“What matters most is first understanding what your current state is,” she said. “Analyze your data, look at your current process, map out where things work and where things maybe don’t work.” 

Then, once teams understand their process, they can double down on eliminating any bottlenecks that wreck the interviewing experience. 

Convey Mission & Vision

“People want to work for a company that is mission and vision-based,” Jenn remarked. “Make sure that your company walks the talk.”

The number’s don’t lie: a survey found that 79% of adults would consider a company’s mission and purpose before applying. 

In many cases, culture—another important element for job hunters—goes hand in hand with mission and vision. Candidates seek out companies with a culture of practicing what they preach in their mission/vision statements.

Emphasize Flexibility

For candidates, flexibility is top of mind—and that’s not changing anytime soon. Yes, this can mean offering remote work arrangements, but that’s not the only way to emphasize organizational flexibility.

Many candidates simply want their future employer to promote work-life integration. They want the freedom to coordinate their schedules in and out of the office to best fit their lives.

Jenn hopes that we’ll see more companies adopt flexible results-driven environments. These types of workplaces possess a strong focus on each employee’s outcomes, rather than just the number of hours that they clock in.

Demonstrate DE&I

“Candidates are asking companies to be more transparent about their DE&I numbers and achievements,” Jenn said.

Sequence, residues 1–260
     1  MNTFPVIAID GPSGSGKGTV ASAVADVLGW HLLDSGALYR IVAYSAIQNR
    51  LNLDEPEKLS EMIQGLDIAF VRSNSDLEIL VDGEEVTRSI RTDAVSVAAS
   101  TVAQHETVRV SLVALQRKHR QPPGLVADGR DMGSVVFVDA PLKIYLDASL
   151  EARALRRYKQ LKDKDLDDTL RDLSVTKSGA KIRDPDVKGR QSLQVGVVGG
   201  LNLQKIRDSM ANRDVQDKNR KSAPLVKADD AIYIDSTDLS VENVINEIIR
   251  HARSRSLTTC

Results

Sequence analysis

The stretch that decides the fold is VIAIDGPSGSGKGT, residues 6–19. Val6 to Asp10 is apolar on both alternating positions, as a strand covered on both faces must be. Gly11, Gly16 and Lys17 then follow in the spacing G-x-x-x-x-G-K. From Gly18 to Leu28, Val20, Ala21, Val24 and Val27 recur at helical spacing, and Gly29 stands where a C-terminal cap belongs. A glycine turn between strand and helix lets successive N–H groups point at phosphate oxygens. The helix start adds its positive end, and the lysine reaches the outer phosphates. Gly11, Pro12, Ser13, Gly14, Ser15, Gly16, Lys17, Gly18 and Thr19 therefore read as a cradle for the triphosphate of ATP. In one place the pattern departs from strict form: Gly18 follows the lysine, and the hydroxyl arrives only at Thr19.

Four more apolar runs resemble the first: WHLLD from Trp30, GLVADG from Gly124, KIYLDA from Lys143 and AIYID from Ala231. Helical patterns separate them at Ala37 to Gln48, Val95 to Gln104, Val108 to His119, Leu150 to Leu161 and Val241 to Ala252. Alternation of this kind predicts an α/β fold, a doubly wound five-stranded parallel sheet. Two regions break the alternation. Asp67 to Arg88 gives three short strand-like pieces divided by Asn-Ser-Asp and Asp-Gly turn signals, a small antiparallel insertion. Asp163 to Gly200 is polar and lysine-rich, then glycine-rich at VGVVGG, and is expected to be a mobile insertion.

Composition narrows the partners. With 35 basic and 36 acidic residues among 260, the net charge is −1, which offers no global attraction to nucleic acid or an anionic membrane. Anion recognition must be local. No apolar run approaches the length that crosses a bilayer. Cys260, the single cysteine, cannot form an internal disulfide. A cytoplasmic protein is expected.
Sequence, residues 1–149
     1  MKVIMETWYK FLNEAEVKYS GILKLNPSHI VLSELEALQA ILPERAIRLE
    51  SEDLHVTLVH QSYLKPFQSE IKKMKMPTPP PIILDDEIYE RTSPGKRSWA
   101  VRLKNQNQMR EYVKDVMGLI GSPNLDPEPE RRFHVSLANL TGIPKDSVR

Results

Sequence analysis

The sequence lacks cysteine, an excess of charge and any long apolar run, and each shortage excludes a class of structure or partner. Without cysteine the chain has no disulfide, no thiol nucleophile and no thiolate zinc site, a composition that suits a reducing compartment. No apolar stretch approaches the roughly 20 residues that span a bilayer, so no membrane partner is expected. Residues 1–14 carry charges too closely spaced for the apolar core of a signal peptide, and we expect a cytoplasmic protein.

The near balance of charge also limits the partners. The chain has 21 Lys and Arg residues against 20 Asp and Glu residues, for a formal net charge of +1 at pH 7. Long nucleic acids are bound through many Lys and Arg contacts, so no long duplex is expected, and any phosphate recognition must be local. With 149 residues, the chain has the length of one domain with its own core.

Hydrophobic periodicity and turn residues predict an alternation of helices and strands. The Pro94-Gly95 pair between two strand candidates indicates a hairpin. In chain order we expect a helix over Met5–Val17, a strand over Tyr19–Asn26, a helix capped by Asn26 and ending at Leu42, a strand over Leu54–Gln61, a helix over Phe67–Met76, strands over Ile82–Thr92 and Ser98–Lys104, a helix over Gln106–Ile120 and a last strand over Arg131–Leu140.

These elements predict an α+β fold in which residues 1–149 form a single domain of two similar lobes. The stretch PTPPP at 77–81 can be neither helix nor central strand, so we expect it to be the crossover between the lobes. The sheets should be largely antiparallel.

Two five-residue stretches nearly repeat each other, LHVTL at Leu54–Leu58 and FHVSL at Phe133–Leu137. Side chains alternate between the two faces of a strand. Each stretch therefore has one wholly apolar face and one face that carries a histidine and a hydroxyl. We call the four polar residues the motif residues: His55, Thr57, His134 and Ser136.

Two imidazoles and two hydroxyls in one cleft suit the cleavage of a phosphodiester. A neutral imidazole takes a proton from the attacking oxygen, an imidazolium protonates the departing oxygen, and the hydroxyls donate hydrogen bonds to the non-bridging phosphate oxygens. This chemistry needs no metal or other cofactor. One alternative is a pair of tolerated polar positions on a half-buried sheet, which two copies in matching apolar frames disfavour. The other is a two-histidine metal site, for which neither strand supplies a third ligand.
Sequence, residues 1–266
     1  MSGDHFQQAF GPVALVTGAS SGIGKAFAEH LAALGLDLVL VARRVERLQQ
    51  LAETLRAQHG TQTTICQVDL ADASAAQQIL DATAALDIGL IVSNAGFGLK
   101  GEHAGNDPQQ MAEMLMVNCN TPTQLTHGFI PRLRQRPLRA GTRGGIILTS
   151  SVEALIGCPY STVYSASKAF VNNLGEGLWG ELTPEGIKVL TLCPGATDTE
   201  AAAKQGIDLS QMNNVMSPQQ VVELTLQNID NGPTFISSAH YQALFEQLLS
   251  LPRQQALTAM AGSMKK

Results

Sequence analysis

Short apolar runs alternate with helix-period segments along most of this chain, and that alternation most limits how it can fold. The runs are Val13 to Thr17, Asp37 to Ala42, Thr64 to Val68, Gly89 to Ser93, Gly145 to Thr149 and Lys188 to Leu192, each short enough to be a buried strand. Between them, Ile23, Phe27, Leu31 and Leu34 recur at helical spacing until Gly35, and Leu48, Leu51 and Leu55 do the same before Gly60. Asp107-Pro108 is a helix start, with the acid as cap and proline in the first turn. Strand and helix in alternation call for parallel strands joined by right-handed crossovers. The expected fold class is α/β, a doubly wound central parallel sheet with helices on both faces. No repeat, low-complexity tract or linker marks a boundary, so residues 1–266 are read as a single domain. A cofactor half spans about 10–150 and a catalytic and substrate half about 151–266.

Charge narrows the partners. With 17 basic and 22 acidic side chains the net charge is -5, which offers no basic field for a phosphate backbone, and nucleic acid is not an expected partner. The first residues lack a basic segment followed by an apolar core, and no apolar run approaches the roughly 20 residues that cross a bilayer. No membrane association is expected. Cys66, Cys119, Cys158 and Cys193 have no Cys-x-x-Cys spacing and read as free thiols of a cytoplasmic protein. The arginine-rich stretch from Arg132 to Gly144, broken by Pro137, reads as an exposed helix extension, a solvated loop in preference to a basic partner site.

She adds that this can be a particularly difficult task for startups, since it takes a while to gather meaningful DE&I-based statistics.

Nevertheless, there’s a multitude of ways for companies to prove that their commitment to DE&I isn’t just lip service. Ensuring that their interviewer panels are diverse and inclusive is a great start.

Beyond: What Will Matter in the Future of the Industry

Now, it’s time to peer into our crystal ball and see what’s on the horizon for the talent acquisition industry. It can be difficult to predict what will matter in the future, but lucky for us, Jenn has some thoughts.

Establish the Core Purpose

From a macro level, Jenn says that establishing the purpose behind the hiring process—from both the candidate’s perspective and the hiring team’s perspective—will likely be of utmost importance.

“If you don’t have the core purpose of why you’re hiring, and if the candidate doesn’t have the core purpose of why they’re talking to you, then without those two things, it’s really not an interview,” Jenn said. 

Then, Weave Key Elements Into the Hiring Process

Once the hiring team’s purpose and the candidate’s purpose unite, teams can shift their energy towards building up the important micro pieces of their operations.

These pieces include several elements that hold significance in the current talent landscape: DE&I, the candidate relationship, interviewer training, and employer branding, to name a few.

But yet again, if hiring teams neglect to align with their candidate’s purpose, then no supplemental elements can truly give their interviews substance.

Optimize Your Hiring for Whatever the Future Holds

Leveraging the right talent acquisition technology is essential when preparing for whatever the industry has in store.

And the key to building a robust tech stack? Adding GoodTime Hire into the mix.

Hire automates coordination, improves your relationships with candidates, and provides actionable insights to continuously optimize the entire hiring process. 

Learn more about how Hire can supercharge your talent acquisition team to win top talent.